I guess I could have done this review in a couple of choice words, but that’s not exactly helpful. So, does rule number 4 come into play here? Can you buy these and save some money, or is it worth spending (much) more? In this case, I’d have to blunt and conclude that these lenses suck. Save up your money and buy an ultra-wide angle lens. There are Sigma and Tokina lenses available for a couple of hundred quid and if you’re real lucky, you’ll find a second hand bargain. Just don’t waste your money on these.
Mistakes don’t have to be mistakes, everything is subjective – a mistake to one person is actually a piece of art to someone else – Robert Rodriguez – 10 minute film school.
Never really appreciated that quote until recently when I forgot to switch my lens to auto-focus. The in-focus image was rubbish, but I really like this.
Just wish I could say the same about all my mistakes 😉
Rule 23: Timing is everything
When I read that rule back to myself, my first thought is Cartier Bresson’s famous line about the decisive moment. Personally, I’ve never subscribed to that school of thought. There are, after all, many decisive moments. I do get what he’s trying to say though, and some moments are better than others.
My rule has a broader application. For example, take the photo below…
This is a shot of Bolton Abbey in Yorkshire, taken earlier today – a gorgeous sunny day with crisp October air.
This is a shot I’ve tried to capture three times now. Each time is a little disappointing, but this is the view of the Abbey I like the best. Only trouble is, no matter what I tried, there was no getting away from that sun shining brightly in the sky. (This was actually one of the best of the bunch!)
This is where timing comes in. This was shot in the early afternoon, so the sun was high in the sky. If I’d have shot this earlier in the day, then it might not have been such a problem. Having said that, Bolton Abbey is close by so I have that luxury, but sometimes you don’t and you have to make the best of the hand you’re dealt, like today, but today was about more than just the Abbey. More of that later.
The Northern Belle is one of the Orient Express portfolio of trains that runs in the UK. It aims to take the traveller back to a time when rail travel was for the experience, not just to get from A to B. Passengers experience first class service in Pullman coaches and is a rare experience.
My Dad is Chief Exec of Dove House Hospice in Hull, and when they chartered the Northern Belle to Edinburgh as a charity fundraiser, it was an opportunity for us both to experience something we’re not likely to experience again, and an excuse to take the cameras and go on a shoot in a truly beautiful city.
The first goal was to capture the train arriving at Hull Station, but I hadn’t really thought the shot out and the images weren’t that impressive.
In hindsight, I would have had more carriages trailing off into the background. But that’s hinsight for you.
After stepping onto the train I was gobsmacked by the table in front of me. It was obvious this was going to be a different kind of train journey than I was used to. I decided to take some shots of the table setting and it gave me an opportunity to try out the Nikon 35mm F1.8 AF-S lens.
I have to admit, I was really impressed with it and I like the results.
Both of these shots have been given a high contrast and saturation in ViewNX 2.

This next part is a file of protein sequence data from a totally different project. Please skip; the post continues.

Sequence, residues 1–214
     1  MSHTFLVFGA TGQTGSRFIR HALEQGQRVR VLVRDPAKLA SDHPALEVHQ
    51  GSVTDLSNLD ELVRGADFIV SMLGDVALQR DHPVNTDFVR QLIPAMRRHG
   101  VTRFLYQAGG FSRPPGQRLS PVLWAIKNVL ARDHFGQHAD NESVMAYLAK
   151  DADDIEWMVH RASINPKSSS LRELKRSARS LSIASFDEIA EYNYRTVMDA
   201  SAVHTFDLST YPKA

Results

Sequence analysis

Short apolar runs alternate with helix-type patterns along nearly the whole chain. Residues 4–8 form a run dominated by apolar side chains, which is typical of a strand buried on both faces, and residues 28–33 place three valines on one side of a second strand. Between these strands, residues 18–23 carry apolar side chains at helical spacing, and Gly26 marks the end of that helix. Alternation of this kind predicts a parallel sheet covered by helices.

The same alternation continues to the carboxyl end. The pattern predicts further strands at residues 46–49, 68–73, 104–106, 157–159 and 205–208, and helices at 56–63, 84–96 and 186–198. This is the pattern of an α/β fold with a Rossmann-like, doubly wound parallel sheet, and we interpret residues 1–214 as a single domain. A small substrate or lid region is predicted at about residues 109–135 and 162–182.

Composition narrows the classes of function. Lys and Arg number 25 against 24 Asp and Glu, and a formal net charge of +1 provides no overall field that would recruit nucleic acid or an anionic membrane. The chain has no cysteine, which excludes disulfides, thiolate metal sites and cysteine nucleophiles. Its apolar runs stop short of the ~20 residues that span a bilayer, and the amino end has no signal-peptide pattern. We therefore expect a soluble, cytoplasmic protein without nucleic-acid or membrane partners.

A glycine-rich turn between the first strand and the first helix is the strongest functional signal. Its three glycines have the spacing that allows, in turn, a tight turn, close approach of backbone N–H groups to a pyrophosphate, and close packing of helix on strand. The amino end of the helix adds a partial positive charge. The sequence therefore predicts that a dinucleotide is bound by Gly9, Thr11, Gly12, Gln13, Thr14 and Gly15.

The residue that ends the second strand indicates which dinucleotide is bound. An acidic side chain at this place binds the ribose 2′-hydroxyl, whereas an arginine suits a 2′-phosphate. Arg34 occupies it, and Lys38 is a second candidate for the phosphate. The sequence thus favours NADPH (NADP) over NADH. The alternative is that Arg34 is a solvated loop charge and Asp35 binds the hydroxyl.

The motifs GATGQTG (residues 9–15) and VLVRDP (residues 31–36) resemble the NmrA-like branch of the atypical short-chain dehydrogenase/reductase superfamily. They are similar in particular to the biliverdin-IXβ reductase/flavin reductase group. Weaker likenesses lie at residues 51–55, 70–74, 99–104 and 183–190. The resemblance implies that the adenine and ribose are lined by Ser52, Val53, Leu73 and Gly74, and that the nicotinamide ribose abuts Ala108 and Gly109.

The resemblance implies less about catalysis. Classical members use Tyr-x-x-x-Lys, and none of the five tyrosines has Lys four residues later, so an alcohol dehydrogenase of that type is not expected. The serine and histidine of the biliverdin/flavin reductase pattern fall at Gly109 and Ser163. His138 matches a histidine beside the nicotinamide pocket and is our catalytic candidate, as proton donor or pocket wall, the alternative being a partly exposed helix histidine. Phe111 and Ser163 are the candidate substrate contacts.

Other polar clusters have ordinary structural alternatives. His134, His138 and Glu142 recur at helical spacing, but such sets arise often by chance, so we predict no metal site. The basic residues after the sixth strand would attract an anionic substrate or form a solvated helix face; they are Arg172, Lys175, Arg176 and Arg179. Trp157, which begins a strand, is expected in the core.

Following rule 20, I sat and enjoyed the journey rather than trying to shoot out of the window. Following the East coast line we travelled past some fantastic coastline and then came rolling into Edinburgh. This was my first time in Edinburgh, but with only a few hours there was no waywe could see all we wanted to, so the first priority was the Castle.
The Castle is an interesting collection of buildings and angles at various heights and there are some breathtaking views from the top. I took quite a few, but only this one of the dog graveyard with the National Gallery of Scotland in the background made the cut.
The highlight of the Castle though was a memorial were photography is not allowed. If you get the chance, it’s worth a wander through it. A truly inspiring place to visit.
The only other phot I’m posting from the trip is the war memorial in Princes Street gardens. This is a quiet gem hidden in the gardens. It plays second fiddle to the Scott monument, which reminded me of thunderbird 3, and which everyone wanted to see. The war memorial was fantastic and a great way to finish the day in Edinburgh.
I couldn’t help myself, and converted this to black and white. A bit too heavy on the curves, but I like it.
It was a long day, but well worth it, and certainly worth another visit.
Rule number 8: Camera Straps are a pain in the neck
I’m not a fan of camera straps. If I have one attached to my camera, I tend to wrap it around my wrist. I could live without them, but it’s nice to have the security of having something just in case I get clumsy, which I’ve been known to be from time to time. The biggest problem with them is that after wearing your camera around your neck for a bit, your neck feels like it’s spent a couple of hours at the gym.
My first stab at cracking the camera strap woes was under the guise of the Optech Pro strap. This is basically a shaped chunk of neoprene that sits around the base of the neck and distributes the weight. It also detaches from the camera attachments, which then clip together to form a short strap. As a piece of design work, it is genius. I gave it a full day’s testing at the Waddington Air show, and afterwards decided it was time to ditch the neck strap all together. The problem with the Optech strap was that it rode up my neck, making the camera heavier than if I’d just used a regular strap. Plus, on a hot day, all that neoprene makes for a sweaty strap.
So I got onto the net and looked at sling straps. There are a few to choose from, especially if you live on eBay, and over the next week or so I’ll post reviews of the Q strap, Carry Speed CS-1 and the Black Rapid RS-4. After reviewing each of them I’ll do a comparison between the three and make a few recommendations.